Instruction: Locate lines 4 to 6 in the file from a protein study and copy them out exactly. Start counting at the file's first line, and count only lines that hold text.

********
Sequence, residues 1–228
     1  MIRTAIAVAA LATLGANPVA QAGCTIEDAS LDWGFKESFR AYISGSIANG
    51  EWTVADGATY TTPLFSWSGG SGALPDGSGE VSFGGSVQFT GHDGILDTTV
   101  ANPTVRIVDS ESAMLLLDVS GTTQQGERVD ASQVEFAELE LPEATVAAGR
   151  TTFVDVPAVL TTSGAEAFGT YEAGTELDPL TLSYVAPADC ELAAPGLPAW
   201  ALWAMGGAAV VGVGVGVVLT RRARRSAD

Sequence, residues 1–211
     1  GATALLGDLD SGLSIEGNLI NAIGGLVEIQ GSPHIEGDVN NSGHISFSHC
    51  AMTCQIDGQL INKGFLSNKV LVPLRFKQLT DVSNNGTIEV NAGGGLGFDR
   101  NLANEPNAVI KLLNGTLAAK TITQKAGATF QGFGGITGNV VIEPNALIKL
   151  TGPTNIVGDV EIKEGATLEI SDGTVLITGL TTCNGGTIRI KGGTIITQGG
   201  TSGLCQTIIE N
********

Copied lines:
   101  ANPTVRIVDS ESAMLLLDVS GTTQQGERVD ASQVEFAELE LPEATVAAGR
   151  TTFVDVPAVL TTSGAEAFGT YEAGTELDPL TLSYVAPADC ELAAPGLPAW
   201  ALWAMGGAAV VGVGVGVVLT RRARRSAD